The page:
Minister for Health James Reilly has asked the HSE to report to him once the executive has completed its investigation into the circumstances surrounding the death of Savita Halappanavar.
Ms Halappanavar, who was 17 weeks pregnant, died at University Hospital Galway following a miscarriage.
Her husband said that his wife had asked for a medical termination before she died on 28 October.
It is reported that Ms Halappanavar, 31, presented with back pain at the hospital on 21 October and was found to be miscarrying her baby.
Her family said she asked several times over a three-day period that the pregnancy be terminated.
It is reported that this was refused, because the foetal heartbeat was still present.
Dr Reilly described Ms Halappanavar's death as a terrible tragedy, and offered his sympathy to her family.
Timeline of events surrounding Ms Halappanavar death
He said a report from an expert group on abortion chaired by Judge Seán Ryan had been delivered to his department last night, and he would have to study that carefully before deciding on what steps to take next.
Meanwhile, over 1,000 people protested at Leinster House this evening to demonstrate in favour of abortion legislation in the wake of Ms Halappanavar's death.
Taoiseach - 'Tragic coincidence'
Taoiseach Enda Kenny has described as a tragic coincidence the death of Ms Halappanavar and the Government's receipt of the expert group's report.
Mr Kenny said people will inevitably link the two issues when in reality they were quite separate.
He told journalists that Dr Reilly now had to study the report and bring conclusions to Government, while separately enquiries into the death of Ms Halappanavar would proceed.
Junior Health Minister Kathleen Lynch has said the circumstances that led to Ms Halappanavar's death cannot be allowed to continue.
She said that action must be taken to ensure that people in the medical profession have the security and guidelines on what to do in such circumstances.
The coroner has been informed about the results of the post mortem examination on Ms Halappanavar's body.
In a statement, the Galway Roscommon University Hospitals Group said it will co-operate fully with the coroner’s inquest.
"The review has not yet started as the hospital is waiting to consult with the family of the deceased on the terms of reference," it said.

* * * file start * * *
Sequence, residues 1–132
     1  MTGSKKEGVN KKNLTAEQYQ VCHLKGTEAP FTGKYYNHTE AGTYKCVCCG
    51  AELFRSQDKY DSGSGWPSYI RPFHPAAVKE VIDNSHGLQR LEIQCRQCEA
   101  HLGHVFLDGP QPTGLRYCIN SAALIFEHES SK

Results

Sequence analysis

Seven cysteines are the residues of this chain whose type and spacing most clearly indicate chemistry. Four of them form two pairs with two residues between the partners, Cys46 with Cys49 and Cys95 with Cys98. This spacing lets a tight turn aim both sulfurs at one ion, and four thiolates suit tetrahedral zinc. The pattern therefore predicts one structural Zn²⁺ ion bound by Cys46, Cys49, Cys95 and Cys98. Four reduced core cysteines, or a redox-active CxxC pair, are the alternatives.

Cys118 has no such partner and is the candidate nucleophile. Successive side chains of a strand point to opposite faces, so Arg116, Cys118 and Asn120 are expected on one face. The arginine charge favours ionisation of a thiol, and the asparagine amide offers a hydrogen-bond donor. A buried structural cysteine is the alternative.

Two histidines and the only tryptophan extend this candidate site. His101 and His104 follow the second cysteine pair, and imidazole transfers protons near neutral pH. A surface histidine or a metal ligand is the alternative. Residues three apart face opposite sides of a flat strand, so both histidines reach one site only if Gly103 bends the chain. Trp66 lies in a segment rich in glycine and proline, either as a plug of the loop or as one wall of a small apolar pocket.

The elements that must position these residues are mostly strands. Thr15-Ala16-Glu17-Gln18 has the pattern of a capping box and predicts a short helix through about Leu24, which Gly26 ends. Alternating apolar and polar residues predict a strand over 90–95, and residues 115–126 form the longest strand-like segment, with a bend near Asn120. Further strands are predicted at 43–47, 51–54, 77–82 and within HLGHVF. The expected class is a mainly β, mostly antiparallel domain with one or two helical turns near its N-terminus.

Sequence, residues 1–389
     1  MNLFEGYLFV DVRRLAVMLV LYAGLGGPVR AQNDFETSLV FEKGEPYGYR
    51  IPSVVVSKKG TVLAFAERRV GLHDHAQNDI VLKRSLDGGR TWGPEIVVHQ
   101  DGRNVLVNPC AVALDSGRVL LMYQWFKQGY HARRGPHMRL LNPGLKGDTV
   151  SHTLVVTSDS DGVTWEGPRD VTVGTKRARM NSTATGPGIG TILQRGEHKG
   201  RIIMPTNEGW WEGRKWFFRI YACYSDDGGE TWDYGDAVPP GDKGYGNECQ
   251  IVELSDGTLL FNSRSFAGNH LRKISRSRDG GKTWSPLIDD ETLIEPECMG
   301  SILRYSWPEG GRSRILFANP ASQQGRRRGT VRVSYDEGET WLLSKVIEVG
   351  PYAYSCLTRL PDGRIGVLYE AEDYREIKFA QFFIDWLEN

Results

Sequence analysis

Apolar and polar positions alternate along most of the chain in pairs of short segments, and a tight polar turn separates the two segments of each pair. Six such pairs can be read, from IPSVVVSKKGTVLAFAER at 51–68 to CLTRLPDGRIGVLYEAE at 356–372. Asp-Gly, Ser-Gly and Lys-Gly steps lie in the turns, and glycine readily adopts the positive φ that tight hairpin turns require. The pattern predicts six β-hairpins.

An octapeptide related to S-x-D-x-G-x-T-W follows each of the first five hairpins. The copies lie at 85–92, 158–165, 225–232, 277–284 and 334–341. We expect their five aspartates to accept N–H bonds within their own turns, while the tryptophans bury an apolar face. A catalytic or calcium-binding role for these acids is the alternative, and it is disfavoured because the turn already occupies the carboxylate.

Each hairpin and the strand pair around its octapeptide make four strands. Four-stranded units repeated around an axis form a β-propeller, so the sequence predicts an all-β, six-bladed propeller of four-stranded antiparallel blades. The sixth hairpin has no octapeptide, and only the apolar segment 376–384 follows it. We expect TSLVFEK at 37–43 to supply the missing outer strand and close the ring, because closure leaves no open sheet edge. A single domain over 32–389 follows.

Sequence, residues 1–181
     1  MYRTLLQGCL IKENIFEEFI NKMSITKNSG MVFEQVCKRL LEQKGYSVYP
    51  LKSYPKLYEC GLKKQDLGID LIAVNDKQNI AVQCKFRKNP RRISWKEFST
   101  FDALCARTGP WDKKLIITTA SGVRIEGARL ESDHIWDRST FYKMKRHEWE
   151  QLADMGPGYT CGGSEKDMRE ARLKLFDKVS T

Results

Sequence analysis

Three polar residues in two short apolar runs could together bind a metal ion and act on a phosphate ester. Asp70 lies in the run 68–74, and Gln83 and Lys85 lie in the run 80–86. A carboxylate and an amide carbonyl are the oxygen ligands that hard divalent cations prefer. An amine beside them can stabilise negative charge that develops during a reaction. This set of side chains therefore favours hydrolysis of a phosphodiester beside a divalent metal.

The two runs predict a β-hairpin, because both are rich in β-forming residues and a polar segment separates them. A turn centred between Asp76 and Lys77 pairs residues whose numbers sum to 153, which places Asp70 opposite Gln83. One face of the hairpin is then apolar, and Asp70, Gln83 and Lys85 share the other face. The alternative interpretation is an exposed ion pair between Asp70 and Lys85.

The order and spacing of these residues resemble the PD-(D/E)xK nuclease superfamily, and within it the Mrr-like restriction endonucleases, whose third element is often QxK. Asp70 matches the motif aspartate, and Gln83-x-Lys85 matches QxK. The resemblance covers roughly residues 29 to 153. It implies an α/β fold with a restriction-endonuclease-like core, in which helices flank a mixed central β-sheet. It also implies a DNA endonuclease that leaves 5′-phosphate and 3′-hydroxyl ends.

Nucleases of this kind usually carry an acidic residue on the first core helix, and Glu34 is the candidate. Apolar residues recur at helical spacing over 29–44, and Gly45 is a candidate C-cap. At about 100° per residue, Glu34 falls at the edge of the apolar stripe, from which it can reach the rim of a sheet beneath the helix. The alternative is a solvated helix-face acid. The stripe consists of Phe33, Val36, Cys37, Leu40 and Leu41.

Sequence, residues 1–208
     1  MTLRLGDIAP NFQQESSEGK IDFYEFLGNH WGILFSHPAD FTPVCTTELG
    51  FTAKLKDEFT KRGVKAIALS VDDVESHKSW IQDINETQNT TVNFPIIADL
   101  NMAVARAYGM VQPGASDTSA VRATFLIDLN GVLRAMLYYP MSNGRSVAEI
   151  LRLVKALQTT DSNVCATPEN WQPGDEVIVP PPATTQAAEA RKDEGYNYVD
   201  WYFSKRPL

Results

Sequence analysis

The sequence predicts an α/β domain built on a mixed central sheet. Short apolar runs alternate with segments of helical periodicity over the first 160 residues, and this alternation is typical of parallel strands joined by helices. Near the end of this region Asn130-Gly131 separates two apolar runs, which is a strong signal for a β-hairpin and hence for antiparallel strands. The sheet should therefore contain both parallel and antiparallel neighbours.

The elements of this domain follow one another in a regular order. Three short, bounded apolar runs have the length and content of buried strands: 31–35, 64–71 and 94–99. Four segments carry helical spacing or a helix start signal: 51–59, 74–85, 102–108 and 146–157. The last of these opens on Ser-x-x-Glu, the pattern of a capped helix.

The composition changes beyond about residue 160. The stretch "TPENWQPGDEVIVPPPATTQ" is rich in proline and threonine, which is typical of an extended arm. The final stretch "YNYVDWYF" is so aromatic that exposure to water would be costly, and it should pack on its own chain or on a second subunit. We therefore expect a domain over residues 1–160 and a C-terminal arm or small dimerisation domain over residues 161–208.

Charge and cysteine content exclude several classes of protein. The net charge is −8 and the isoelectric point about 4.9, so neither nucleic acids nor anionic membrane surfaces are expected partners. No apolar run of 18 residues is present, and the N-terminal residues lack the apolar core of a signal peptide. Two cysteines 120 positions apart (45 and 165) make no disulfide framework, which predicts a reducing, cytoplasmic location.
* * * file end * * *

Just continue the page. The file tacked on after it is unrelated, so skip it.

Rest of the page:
Calls for independent inquiry
Fianna Fáil leader Micheál Martin said Ms Halappanavar's death was tragic and harrowing.
Mr Martin said Ireland had always aimed for a low death rate during pregnancy and he said this was cold comfort to the woman in question.
He said an independent inquiry was needed, with personnel from outside the country to establish the full circumstances.
An internal inquiry will not suffice, he said.
Mr Martin said that considering the enormity of what happened, he believed an exceptional response was called for.
Sinn Féin's Gerry Adams said there was an onus on the Government to bring forward its plans for legislation on these issues.
The Supreme Court, he said, had ruled that a termination would be lawful if the life of the mother was in danger.
The people had placed responsibility for such legislation in the hands of the Government, he said.
Northern Ireland MLA Anna Lo said the death of Ms Halappanavar shows the need for clarity on the law around abortion in the Republic and Northern Ireland.
Ms Halappanavar celebrated baby shower
Speaking to RTÉ's News at One, Praveen Halappanavar said his wife had gone to their GP and "everything was ok" three or four days before she presented at the hospital back pain.
Mr Halappanavar said the couple were told that their baby was "perfectly alright" and was due on 30 March.
He said his wife was "on top of the world" and they had celebrated a babyshower with their family.
Mr Halappanavar said that on the night of Saturday 21 October, his wife could not sleep due to back pain.
He said the couple called the hospital at 9am the next morning and were told to come in.
Following a series of checks the couple went home, but Mr Halappanavar said that the couple returned to the hospital at around 11am when Savita felt there was something wrong.
Mr Halappanavar requested that his wife be seen by a doctor and he was told that there was a cervical dilation and that they did not think the baby would survive.
He said he was told it would all be over in four or five hours and that his wife could then go home.
At the time Mr Halappanavar said that his wife was not in severe pain, but was suffering discomfort as a result of some back pain.
Mr Halappanavar said that on Tuesday night things started to get much worse, with his wife feeling cold and "shivering terribly".
On Friday morning, one of the midwives urged him to tell Savita's parents that their daughter was now critically ill.
Mr Halappanavar said the hospital tried dialysis, and gave her platelets to see if it could improve her condition.
At around 1am on Sunday 28 October, he was asked if he would like to sit with his wife during her final moments.
He said "the nurse came running I was just standing outside ICU. She just told me to be brave and she took me near Savita and she said: 'Will you be OK to be there during her last few minutes?' I said 'Yes I want to.'"
Mr Halappanavar, who is currently in India, said he will be returning to Ireland soon.
He said his father-in-law is very ill and is in severe shock following the news of his daughter's death.